#19) Michael Madsen as Mr. Blonde, Reservoir Dogs (1992)

Quentin Tarantino’s bloody, bad-mouthed epic of almost mythic machismo practically brimmed with bad dudes. The first half of the film is filled with pain (Mr. Orange’s continual screaming as he bleeds to death) and intensity (Mr. White and Mr. Pink pulling their guns on each other). Then we get to the scene. Mr. Blonde’s scene. Mr. Blonde was the epitome of the cool movie gangster–we loved his James Dean slouch and fearless Brando drawl. Then all of a sudden he turned on the song "Stuck in the Middle of You" and lopped off an innocent man’s ear. Tarantino’s genius was to give us likeable character clichés and then turn them on us, leaving us shocked, breathless, betrayed. After, we knew we couldn’t trust anyone ever again.

#20) Sharon Stone as Catherine Trammell, Basic Instinct (1992)

Stone took the tired, B-movie temptress stereotype and injected it with a vampire sexuality so potent even stuffy cineastes had to take note. Not since Brando in A Streetcar Named Desire had a thespian’s naked body been so wholly instrumental in vividly constructing a character–from the shots of a naked Stone pouring herself into a tight white dress, to her grinding against another woman in a dance club, to the famous panty-less interrogation scene. Stone WAS sex, and every part of her being represented the dangerous yet familiar sides of sexuality, from her weepy, vulnerable eyes to her sharp, hidden knives.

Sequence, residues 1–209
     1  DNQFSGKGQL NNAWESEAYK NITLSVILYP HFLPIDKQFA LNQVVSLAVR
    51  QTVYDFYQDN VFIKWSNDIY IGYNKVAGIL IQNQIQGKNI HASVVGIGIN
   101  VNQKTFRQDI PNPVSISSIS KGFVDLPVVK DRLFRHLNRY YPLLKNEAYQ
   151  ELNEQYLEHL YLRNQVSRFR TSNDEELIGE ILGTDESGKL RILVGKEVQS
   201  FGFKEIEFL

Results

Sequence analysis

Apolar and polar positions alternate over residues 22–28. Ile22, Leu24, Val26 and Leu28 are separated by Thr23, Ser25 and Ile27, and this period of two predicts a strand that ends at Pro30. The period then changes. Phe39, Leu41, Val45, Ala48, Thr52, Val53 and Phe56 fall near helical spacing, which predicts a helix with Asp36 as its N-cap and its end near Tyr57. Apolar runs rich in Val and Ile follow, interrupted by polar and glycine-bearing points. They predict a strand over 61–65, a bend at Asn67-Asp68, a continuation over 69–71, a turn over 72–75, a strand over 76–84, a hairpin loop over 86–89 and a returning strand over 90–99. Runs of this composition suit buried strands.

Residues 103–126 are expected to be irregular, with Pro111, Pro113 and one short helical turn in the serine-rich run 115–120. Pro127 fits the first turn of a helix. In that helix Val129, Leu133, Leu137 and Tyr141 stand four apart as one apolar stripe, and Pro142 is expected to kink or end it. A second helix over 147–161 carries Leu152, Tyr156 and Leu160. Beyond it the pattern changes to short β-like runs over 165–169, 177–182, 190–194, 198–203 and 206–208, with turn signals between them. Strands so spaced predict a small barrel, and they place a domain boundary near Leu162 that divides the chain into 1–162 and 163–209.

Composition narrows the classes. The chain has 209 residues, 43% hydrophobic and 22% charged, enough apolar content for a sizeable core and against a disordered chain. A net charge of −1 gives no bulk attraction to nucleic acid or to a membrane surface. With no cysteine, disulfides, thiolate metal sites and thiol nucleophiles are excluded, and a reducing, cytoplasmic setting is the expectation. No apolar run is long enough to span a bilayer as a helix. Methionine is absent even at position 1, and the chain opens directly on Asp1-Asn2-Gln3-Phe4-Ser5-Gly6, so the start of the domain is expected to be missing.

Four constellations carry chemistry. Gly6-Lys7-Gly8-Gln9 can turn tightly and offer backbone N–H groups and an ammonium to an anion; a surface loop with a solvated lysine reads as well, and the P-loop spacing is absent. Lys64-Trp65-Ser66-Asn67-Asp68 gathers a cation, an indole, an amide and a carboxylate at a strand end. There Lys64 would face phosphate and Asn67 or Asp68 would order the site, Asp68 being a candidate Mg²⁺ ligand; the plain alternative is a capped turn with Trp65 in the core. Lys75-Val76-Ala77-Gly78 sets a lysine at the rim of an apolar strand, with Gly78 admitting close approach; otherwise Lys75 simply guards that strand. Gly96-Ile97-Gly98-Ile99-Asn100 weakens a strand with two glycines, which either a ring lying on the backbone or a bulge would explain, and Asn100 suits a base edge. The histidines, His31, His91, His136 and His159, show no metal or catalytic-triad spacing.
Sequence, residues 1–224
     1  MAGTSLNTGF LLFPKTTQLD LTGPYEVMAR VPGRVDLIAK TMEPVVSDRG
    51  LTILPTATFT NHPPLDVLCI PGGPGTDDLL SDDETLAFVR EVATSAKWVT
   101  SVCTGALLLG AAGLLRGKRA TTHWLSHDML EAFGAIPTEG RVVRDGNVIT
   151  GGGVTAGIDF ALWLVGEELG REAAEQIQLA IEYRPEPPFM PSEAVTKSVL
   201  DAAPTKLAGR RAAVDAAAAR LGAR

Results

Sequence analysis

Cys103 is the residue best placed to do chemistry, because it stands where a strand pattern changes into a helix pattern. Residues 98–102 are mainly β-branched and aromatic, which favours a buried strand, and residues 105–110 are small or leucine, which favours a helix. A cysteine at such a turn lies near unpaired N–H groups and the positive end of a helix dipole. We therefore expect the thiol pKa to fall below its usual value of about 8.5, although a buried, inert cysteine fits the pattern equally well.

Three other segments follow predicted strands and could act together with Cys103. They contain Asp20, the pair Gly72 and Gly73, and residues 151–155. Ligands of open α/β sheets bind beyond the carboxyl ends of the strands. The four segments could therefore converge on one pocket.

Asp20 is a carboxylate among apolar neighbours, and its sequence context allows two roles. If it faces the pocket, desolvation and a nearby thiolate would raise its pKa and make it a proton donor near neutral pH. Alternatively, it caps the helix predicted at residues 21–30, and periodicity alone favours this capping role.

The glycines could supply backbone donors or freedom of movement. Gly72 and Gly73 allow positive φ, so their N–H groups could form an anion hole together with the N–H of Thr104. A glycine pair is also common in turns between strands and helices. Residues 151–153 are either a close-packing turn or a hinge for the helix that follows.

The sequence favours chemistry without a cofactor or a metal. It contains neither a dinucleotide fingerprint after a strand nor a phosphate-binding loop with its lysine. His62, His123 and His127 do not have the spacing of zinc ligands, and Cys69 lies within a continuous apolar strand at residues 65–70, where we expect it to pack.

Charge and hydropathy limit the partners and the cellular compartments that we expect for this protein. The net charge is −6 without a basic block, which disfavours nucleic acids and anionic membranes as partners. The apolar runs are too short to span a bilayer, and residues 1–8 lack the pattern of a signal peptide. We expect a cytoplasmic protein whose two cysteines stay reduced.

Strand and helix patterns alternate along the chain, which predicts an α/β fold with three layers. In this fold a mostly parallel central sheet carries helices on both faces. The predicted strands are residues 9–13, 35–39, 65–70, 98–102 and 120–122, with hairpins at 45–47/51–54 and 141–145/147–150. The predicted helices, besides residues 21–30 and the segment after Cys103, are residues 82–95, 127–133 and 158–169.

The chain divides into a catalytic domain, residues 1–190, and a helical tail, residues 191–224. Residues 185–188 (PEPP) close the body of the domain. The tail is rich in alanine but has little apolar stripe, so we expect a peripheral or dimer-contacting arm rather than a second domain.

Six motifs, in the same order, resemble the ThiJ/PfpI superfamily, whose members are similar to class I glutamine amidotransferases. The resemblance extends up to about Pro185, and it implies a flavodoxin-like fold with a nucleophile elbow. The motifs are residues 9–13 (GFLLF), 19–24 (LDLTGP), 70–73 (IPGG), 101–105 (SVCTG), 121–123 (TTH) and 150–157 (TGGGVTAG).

#21) Larenz Tate as O-Dog, Menace II Society (1993)

As the protagonist Caine says in this powerful gangsta drama, his friend O-Dog was "America’s Nightmare–young, black, and didn’t give a fuck." Because O-Dog came from a society that had forgotten how to teach boys to become men, he had only a child’s sense of right and wrong. Between swigging 40’s and smoking joints, O-Dog shot people who disagreed with him or made him feel like anything less than a superstar–livin’ large beneath the umbrella of a twisted American dream. What was most shocking about this film was our protagonist Caine, who was one neuron away from being just like O-Dog and who would have been the villain in any other movie. Both boys’ fates rested on the balance of one question: "Do you care if you live or die?" O-Dog did not.

#22) Ben Kingsley as Dr. Roberto Miranda, Death and the Maiden (1994)